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So when an American says that another American behaves or speaks in an un-American way, what we generally mean is that, given the choice between being American or not, they've taken a step towards the not side of the issue.


The really funny thing I thinked when reading this is how any one side of an idealistic argument nowadays will use this to accuse the other side of said deficiency!

Mr. P.

Edited by: Chris OConnor  at: 4/4/06 10:01 am



Tue Apr 04, 2006 8:12 am
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Post Should we tolerate religion?
I'm not sure why this thread was created. Everyone is welcome to create new threads, but this thread starts out indicating it is in reference to Chapter 1 and something riverc0il said in the Ch. 1 thread. It seems using that already created thread would make for a more organized discussion.

I've edited the subject line so it no longer says "Re: Chapter 1," as this was what was confusing people.

Edited by: Chris OConnor  at: 4/4/06 10:02 am



Tue Apr 04, 2006 8:56 am
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Post Re: Should we tolerate religion?
Perhaps people (is everyone male on this site? or are there any other women out there?) would like to discuss the word "tolerate."




Sun Apr 16, 2006 6:55 am
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Post Re: Should we tolerate religion?
According to this poll, more than half of BookTalk.org is female. Though I suspect the highest posting registered users are mostly male at this point.

The second definition of my American Heritage dictionary defines tolerate as: To Recognize and respect (the rights, beliefs, or practices of others). But the third definition is: To put up with; endure. The two definitions clash in my opinion. Putting up with something versus respecting and recognizing may denote similar actions but bring to mind vastly different attitudes. I appreciate the second definition in regards to tolerance of religion. Rather, I "put up with" fundamentalists and extremists (such as Harris) since their opinions are theirs to have and freedoms ensure such opinions can be held and communicated, which I am fine with.




Sun Apr 16, 2006 9:36 am
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Post Re: Should we tolerate religion?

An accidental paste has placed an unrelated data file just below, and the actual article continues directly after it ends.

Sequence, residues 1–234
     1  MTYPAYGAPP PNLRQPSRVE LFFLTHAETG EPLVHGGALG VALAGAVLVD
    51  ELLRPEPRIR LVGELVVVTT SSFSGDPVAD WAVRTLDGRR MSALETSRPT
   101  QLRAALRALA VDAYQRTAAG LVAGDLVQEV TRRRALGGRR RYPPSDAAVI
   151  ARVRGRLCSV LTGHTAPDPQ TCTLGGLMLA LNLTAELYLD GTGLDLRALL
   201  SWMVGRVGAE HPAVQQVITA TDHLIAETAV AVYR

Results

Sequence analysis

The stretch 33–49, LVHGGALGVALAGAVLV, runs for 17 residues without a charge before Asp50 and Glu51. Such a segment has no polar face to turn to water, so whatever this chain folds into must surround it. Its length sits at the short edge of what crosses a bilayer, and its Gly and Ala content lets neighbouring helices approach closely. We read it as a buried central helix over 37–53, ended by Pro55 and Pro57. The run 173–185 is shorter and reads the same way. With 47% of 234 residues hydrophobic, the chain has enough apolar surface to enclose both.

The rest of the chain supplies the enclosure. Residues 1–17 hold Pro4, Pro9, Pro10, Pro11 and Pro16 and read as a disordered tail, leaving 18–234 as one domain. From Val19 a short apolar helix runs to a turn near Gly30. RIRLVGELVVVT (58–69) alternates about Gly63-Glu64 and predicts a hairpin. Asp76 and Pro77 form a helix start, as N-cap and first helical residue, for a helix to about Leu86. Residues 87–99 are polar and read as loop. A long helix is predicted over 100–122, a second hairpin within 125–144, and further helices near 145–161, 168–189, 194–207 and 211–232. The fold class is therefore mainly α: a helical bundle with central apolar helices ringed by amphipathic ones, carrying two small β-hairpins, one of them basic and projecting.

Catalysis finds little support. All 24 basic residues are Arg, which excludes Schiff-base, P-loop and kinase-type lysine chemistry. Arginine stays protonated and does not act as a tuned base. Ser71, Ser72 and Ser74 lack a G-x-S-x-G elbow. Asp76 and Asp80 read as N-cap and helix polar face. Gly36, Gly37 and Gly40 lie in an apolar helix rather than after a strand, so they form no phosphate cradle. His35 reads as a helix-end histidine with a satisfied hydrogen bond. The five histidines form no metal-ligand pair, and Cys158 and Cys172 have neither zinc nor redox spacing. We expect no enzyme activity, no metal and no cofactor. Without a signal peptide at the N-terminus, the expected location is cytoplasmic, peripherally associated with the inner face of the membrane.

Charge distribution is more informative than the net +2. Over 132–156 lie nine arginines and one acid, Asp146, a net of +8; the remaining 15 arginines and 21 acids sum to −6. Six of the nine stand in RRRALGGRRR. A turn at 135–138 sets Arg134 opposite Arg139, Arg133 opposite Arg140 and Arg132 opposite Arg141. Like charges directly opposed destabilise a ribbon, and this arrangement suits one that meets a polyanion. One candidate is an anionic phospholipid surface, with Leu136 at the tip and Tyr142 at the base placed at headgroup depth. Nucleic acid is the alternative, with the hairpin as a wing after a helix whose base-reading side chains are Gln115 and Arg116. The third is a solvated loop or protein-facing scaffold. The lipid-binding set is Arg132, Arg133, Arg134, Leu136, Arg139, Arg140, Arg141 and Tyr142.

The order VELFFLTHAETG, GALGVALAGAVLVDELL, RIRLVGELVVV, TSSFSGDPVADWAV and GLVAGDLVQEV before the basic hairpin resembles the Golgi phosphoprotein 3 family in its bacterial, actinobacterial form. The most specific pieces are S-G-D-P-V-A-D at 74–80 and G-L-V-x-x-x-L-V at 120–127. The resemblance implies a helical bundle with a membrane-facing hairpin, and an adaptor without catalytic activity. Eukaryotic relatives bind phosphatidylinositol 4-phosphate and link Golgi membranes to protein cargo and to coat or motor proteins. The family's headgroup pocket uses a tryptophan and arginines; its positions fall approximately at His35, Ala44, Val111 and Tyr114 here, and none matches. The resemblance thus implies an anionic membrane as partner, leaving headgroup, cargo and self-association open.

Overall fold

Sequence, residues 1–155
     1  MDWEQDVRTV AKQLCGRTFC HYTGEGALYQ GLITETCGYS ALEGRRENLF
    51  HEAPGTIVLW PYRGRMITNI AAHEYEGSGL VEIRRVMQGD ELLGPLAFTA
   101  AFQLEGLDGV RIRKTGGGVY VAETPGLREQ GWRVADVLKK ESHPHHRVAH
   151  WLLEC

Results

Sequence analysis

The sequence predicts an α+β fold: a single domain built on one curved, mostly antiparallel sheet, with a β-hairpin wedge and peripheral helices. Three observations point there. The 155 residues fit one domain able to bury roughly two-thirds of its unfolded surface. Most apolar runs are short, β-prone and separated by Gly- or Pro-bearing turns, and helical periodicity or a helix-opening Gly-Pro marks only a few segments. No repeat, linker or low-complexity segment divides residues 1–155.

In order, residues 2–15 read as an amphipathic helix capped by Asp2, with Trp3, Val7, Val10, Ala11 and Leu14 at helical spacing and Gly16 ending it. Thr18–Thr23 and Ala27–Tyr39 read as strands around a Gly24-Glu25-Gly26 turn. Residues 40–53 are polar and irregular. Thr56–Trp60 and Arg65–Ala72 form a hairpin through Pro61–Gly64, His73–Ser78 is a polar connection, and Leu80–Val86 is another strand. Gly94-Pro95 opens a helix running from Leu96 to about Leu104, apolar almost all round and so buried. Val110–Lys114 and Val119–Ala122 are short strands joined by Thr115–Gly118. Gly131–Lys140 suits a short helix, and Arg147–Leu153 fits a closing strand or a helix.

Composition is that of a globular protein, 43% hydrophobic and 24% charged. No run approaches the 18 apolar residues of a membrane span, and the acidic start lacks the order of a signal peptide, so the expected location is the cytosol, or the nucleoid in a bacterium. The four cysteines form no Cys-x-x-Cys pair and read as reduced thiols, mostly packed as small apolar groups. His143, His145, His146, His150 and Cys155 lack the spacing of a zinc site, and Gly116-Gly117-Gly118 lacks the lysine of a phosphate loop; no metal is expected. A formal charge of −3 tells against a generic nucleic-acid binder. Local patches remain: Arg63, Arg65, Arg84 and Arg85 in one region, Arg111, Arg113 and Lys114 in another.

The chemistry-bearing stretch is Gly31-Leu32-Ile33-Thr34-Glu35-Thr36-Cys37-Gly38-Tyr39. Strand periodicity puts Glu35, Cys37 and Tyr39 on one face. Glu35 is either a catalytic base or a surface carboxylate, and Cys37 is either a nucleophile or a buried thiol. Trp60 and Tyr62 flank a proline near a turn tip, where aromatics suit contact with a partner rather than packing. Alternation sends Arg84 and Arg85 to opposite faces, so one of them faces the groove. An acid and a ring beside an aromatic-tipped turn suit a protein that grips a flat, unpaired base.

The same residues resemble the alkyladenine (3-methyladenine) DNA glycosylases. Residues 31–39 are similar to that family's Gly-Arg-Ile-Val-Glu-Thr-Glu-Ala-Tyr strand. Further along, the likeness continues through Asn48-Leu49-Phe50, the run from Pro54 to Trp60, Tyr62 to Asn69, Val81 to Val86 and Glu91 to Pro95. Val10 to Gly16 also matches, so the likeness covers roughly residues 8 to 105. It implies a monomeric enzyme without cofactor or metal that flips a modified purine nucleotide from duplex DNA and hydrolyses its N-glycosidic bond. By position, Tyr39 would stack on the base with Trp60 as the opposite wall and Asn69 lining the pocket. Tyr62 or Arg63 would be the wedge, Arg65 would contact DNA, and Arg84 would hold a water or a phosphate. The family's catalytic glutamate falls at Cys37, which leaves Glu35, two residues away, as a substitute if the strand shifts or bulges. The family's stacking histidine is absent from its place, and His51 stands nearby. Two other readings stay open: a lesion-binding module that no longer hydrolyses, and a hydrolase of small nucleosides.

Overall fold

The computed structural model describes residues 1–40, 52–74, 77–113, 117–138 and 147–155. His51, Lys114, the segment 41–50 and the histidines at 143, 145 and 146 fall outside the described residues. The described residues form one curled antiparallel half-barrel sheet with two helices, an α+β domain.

At last, riverc0il, something we can agree on. Let us say, however, that you are the one being "tolerated" ("put up with"). (You can take this "you" as rhetorical or theoretical.) Let's say that you are not an extremist, but rather a mild-mannered, moderate person, but another person graciously suggests he will "tolerate" you and your beliefs. Or you and your skin color. Or you and your ethnicity. Etc.

How does this make any of us feel? Is there any sense of being patronized? Which is, of course, infinitely preferable to being tied to the stake and set alight.

Then, does Harris's argument for intolerance have any legitimacy in a particular situation? My husband and I have just been discussing "hate" speech; I am very wary of any form of censorship. I do not think people have the right to threaten to harm or kill other specific people (I do not have the right to call you up and say I am going to kill your child, for instance), but I would hate to censor even the ugliest forms of speech that fall short of specific threats.

I think people have the right to say "I hate [fill in the blank] people." I think they have the right to draw insulting cartoons. I think they have the right to write humorous novels about Moses and Jesus and Mohammed. Though some people make take these statements, cartoons, movies, whatever, as hate speech, that does not give them the right to stop such speech.

I stopped reading Harris's book, but if he thinks religion is passe (or whatever; and I don't know how to put an accent in passe), how about attitudes rooted in religion? Does he think the notion that people "deserve" their lot in life (Calvinism) should be rooted out? Does he think the concept of humans as somehow superior to other animals (Genesis) should be outlawed? He says he follows Buddhist practices, but I didn't see much evidence of that in his sweeping statements (not what Buddhists would term "right speech").

Did he write this book just to make a name for himself? I think fundamentalist preachers are essentially grifters, so I'm always skeptical about people's motives.




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Post Re: Should we tolerate religion?
mal4mac:
Are intelligent Americans really becoming that intolerant?
Actually, it's rare for an American atheist to be intolerant of theists.

Though atheists decry the power of the religious right and their effect on public policy, I've never seen the intolerance that Harris exhibits.




Sun Apr 16, 2006 10:26 pm